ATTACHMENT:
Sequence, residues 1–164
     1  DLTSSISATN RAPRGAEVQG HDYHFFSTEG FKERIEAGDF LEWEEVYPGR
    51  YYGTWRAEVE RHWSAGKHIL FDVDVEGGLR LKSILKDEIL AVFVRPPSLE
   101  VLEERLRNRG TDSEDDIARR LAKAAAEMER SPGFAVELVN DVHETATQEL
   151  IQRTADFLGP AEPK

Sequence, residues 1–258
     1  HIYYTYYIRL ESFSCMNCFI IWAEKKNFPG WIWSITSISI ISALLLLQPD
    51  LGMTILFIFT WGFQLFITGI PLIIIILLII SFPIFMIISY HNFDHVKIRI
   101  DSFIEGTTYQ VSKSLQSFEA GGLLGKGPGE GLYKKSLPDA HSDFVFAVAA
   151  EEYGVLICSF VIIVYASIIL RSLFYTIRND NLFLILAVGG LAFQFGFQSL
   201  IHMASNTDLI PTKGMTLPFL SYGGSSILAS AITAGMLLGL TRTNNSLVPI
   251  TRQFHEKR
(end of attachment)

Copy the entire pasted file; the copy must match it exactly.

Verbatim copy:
Sequence, residues 1–164
     1  DLTSSISATN RAPRGAEVQG HDYHFFSTEG FKERIEAGDF LEWEEVYPGR
    51  YYGTWRAEVE RHWSAGKHIL FDVDVEGGLR LKSILKDEIL AVFVRPPSLE
   101  VLEERLRNRG TDSEDDIARR LAKAAAEMER SPGFAVELVN DVHETATQEL
   151  IQRTADFLGP AEPK

Sequence, residues 1–258
     1  HIYYTYYIRL ESFSCMNCFI IWAEKKNFPG WIWSITSISI ISALLLLQPD
    51  LGMTILFIFT WGFQLFITGI PLIIIILLII SFPIFMIISY HNFDHVKIRI
   101  DSFIEGTTYQ VSKSLQSFEA GGLLGKGPGE GLYKKSLPDA HSDFVFAVAA
   151  EEYGVLICSF VIIVYASIIL RSLFYTIRND NLFLILAVGG LAFQFGFQSL
   201  IHMASNTDLI PTKGMTLPFL SYGGSSILAS AITAGMLLGL TRTNNSLVPI
   251  TRQFHEKR